Aberdeen Asset Management cut its naira holdings completely over the last two months and has no immediate plans to re-enter the market as the currency could fall further, Daly said.

 

“I’m happy to sit on the sidelines and wait to see it go higher against the dollar,” he said. “We’re getting to 200 quicker than I expected. But if someone called me right now and said they’d offer me 200” naira for each dollar, “I’d say no,” Daly said.

This was yesterday. Today the completely halt of FX trading continues: as Bloomberg commented earlier today, "the policy on retaining zero bank’s shareholders funds as FX trading position by close of business remains in effect."

* * *

And just in case there is confusion that the currency crisis is confined simply to energy exporters (as previewed here over a month ago), today the Belarus central bank shocked its own population when it also announced full-blown capital controls designed, releasing additional measures to stem the "negative trends of currency and financial markets " including raising mandatory sales of FX revenue to 0%, suspending all OTC FX trading (so pretty much all FX), introducing a 30% fee on all FX purchases, "recommending" that banks halt BYR lending until February, and sending 1-yr interest rates on liquidity operations with banks to a eyewatering 50% in hopes this leads to an increase in BYR deposit rates. It will. What it won't lead to is stabilization in the deposit market as the natives realize they too are next up on the hyperinflation train.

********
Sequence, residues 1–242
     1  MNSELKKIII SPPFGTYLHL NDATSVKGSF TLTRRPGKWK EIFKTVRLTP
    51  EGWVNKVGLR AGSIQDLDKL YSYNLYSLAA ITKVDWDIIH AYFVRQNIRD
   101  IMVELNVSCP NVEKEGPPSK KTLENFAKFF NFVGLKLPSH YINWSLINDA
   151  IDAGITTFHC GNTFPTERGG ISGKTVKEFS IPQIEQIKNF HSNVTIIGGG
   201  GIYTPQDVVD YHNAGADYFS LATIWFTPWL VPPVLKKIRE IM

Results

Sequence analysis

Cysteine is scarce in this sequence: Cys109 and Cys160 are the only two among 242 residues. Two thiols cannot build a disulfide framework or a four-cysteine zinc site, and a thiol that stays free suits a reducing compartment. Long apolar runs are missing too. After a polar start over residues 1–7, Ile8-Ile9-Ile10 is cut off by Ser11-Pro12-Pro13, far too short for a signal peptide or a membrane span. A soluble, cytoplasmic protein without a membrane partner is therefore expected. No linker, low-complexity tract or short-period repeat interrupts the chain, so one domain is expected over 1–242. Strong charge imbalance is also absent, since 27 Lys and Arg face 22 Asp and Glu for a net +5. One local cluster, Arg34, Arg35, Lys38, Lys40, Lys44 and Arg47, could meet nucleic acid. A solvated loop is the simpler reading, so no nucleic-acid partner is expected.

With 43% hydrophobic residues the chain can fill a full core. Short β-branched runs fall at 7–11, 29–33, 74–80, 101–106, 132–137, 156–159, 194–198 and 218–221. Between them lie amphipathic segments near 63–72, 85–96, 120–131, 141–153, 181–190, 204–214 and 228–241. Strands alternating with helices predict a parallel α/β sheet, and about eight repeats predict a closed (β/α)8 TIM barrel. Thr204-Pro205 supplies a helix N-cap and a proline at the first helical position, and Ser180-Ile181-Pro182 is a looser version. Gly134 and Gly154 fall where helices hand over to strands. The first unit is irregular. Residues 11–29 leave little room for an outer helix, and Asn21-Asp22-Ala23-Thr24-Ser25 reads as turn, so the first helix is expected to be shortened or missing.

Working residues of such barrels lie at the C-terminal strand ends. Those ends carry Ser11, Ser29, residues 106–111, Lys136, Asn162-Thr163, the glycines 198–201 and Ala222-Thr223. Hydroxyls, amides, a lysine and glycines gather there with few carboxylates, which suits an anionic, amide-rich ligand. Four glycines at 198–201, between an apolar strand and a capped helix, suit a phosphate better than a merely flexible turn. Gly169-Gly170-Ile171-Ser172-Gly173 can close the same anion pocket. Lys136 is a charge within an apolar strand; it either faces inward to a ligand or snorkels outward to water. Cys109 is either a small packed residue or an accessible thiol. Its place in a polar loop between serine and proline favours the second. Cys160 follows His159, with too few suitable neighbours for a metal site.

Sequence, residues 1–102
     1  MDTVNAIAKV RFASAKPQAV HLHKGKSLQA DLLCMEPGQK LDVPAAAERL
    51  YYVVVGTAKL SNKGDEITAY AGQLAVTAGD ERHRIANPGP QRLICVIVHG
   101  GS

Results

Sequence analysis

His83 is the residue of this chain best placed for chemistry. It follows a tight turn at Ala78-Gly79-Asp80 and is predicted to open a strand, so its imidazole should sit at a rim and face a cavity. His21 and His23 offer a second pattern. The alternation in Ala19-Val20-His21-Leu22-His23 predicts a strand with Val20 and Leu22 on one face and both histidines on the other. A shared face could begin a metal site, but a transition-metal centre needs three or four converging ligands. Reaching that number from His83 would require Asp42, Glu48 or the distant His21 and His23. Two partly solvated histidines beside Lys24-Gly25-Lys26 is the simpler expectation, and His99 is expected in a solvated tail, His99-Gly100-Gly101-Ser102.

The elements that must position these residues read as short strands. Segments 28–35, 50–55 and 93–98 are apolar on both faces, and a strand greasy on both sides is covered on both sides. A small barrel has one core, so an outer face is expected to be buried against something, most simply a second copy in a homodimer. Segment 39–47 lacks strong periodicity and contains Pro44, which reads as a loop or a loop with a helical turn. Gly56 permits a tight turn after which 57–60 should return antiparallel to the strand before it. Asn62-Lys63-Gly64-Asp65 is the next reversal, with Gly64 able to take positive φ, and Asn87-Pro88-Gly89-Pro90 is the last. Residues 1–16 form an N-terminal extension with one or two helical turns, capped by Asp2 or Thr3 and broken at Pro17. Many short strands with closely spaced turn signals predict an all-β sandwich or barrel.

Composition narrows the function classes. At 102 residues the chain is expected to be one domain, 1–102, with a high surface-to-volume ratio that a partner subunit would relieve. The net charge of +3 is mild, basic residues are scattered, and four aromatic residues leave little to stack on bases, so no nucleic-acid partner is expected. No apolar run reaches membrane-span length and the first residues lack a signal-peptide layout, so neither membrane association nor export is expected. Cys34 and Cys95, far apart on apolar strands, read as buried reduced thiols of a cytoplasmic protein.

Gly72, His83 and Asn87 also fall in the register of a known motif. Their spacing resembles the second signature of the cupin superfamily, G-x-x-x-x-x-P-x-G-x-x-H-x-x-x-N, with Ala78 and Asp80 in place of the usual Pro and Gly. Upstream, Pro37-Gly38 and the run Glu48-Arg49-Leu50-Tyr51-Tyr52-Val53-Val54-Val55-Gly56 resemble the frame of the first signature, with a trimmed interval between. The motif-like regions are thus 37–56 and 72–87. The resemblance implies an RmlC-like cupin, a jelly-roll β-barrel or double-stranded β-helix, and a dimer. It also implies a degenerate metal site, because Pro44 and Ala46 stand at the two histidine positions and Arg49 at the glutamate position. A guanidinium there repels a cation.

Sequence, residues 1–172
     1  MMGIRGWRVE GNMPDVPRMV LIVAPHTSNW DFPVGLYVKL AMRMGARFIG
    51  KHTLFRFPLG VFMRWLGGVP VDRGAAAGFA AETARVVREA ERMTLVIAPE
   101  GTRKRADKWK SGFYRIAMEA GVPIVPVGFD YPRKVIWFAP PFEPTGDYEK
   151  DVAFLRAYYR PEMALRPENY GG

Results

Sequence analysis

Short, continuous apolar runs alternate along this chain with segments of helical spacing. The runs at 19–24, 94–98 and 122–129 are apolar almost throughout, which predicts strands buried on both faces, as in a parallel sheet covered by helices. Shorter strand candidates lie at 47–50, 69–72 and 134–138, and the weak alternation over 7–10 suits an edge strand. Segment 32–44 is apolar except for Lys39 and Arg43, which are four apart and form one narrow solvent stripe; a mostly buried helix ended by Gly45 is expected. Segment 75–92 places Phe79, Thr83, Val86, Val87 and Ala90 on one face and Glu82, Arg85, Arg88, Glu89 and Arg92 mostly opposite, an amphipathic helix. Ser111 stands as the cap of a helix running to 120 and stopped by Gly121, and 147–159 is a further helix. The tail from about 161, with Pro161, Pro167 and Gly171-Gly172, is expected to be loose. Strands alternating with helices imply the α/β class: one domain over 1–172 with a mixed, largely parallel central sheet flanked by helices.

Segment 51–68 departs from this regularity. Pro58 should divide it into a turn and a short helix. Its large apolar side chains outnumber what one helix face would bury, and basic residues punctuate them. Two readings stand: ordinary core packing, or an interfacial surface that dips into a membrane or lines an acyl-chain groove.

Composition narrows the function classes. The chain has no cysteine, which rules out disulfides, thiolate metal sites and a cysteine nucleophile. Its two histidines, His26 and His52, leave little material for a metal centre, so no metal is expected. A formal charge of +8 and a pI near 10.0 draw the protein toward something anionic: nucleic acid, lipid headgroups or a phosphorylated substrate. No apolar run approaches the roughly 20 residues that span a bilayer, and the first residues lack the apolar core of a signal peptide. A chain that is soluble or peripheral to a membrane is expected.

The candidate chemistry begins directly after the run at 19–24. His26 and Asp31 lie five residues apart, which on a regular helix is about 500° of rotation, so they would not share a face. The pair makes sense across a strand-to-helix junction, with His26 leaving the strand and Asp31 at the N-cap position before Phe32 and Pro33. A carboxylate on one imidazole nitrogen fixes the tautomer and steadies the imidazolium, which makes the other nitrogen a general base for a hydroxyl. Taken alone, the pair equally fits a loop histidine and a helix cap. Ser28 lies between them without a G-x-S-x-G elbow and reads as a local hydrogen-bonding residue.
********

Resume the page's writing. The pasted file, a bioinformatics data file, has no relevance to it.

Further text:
End result:

Full NBRB press release:

On Measures Taken by the Government and the National Bank with a View to Preventing Development of Negative Trends in the Financial Market